Danish Union of Graphical Workers dissolves

The Danish trade union movement lost yet another union when members of the Danish Union of Graphical Workers decided to dissolve the organisation in a ballot held in June 1999. This is the latest example of a union merger as a consequence of technological change. After the dissolution, the union's various member groups are being distributed between a number of organisations, with most of them going to the industrial division of the HK/Industri commercial and clerical workers' union and to the SiD general workers' union. Although it has been difficult to overhaul the structure of trade unions in Denmark, recent decades have seen an acceleration of change. During the past 25 years, the number of unions affiliated to the LO confederation has been halved, from 42 to 21.

The Danish trade union movement lost another union when a substantial majority of the members of the Danish Union of Graphical Workers (Grafisk Forbund) - an affiliate of the Danish Federation of Trade Unions, (Landorganisationen i Danmark, LO) - voted to dissolve the organisation in a ballot held on 9 June 1999. There was an unusually large turnout for a trade union ballot, with 82% of the union's 23,000 members voting, and of these 62% voted to dissolve the union, which had existed in its current form for only six years. General secretaryTom Durbing and the union leadership had recommended this course of action, and the general secretary was relieved at the clear decision.

The dissolution of the Union of Graphical Workers is the latest example of a union merger as a consequence of technological change. The union had lost the collective bargaining rights for workers using new technology - desk-top publishing - to the industrial division of the Union of Commercial and Clerical Employees in Denmark (HK/Industri). In practice, this meant that the Union of Graphical Workers was able to organise only those graphical workers and typographers that still used the old technology, and not many of them are left. Since 1992, some 4,000 members have gone over to HK/Industri, and this meant that the financial basis for maintaining the union in the long term was no longer adequate. After the June 1999 ballot, the union's members were distributed between three different unions: 16,177 typographers, lithographers, commercial artists and bookbinders have gone to the industrial division of HK/Industri; 4,789 cardboard product workers have gone to the General Workers' Union (Specialarbejderforbundet i Danmark, SiD); and the union's 700 organised photographers have moved to the National Union of Journalists (Dansk Journalistforbund). A minority of the the large group of commercial artists and graphical workers within the Union of Graphical Workers had wanted to join the National Union of Journalists rather than HK/Industri, as was eventually decided. The Union of Graphical Workers members will retain their existing agreements, rights and obligations in their new unions. The former union's assets of DKK 145 million will be distributed proportionately.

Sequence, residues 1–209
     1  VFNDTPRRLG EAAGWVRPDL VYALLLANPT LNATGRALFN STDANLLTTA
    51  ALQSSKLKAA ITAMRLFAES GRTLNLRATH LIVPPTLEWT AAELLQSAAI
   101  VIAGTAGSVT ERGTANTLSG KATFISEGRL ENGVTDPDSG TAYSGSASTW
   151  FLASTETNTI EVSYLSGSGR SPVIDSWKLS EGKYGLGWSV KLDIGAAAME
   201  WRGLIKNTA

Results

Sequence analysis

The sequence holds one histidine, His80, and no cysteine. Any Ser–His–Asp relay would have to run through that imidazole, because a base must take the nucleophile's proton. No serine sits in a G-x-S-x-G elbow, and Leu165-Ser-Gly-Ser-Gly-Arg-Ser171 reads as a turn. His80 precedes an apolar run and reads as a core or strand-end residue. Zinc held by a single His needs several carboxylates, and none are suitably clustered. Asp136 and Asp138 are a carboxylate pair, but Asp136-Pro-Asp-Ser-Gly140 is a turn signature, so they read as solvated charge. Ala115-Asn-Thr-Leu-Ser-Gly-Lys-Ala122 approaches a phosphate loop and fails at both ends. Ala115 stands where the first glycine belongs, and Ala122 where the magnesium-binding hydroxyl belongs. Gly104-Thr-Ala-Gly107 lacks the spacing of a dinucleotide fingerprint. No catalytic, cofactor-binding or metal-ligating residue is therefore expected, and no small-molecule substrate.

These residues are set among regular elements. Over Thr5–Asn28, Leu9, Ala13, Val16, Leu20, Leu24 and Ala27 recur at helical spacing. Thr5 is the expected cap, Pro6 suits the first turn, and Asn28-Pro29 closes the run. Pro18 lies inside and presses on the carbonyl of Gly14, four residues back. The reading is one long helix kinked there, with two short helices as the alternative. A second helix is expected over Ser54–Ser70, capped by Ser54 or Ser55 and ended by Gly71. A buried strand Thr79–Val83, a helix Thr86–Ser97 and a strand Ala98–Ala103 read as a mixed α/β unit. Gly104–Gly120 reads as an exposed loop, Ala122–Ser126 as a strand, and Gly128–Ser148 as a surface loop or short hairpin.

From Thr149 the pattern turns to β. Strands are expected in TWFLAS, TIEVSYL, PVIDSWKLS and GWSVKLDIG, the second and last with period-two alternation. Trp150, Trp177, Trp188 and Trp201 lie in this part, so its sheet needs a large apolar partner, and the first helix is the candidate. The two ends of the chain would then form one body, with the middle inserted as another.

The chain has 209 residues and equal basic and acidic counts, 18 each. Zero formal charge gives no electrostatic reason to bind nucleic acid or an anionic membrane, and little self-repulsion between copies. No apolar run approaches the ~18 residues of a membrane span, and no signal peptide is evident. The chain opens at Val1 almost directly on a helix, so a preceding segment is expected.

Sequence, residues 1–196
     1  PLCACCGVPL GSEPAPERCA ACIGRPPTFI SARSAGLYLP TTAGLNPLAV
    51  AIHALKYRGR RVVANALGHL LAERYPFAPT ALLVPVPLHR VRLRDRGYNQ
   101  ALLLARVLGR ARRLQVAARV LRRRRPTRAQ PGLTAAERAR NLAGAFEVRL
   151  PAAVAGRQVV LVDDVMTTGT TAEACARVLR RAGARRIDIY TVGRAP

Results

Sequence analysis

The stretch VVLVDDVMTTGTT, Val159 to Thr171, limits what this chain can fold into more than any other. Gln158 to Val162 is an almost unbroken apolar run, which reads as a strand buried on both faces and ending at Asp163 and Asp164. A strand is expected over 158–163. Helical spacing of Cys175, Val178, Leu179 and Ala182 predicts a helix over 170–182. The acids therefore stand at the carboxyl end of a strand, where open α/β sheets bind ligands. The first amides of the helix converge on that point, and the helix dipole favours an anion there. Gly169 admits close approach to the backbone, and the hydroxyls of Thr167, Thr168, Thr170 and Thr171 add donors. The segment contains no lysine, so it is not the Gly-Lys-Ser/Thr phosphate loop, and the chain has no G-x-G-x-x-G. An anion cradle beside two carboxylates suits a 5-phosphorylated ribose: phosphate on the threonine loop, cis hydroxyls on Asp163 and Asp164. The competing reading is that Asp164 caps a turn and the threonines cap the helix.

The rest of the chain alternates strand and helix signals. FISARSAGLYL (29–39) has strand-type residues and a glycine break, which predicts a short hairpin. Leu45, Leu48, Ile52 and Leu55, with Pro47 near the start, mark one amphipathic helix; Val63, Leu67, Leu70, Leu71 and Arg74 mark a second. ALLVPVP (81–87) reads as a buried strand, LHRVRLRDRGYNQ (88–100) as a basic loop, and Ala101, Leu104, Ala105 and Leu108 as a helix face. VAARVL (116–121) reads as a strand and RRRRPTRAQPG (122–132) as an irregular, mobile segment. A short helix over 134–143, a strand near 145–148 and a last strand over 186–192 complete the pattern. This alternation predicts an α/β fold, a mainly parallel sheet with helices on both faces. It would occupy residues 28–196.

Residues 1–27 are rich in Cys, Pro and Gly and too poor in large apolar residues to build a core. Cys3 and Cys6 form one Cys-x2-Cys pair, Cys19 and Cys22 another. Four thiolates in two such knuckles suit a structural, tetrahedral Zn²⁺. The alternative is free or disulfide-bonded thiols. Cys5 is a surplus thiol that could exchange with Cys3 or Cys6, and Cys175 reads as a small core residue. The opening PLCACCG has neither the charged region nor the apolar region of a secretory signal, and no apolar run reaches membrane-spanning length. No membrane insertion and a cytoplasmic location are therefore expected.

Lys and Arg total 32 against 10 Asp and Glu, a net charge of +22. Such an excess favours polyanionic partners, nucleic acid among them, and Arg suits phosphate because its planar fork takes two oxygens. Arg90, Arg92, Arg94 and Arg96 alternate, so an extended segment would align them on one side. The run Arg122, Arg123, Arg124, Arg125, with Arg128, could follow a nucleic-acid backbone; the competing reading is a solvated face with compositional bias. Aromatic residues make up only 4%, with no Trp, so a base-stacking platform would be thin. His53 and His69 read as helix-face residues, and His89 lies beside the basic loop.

Powerful and influential history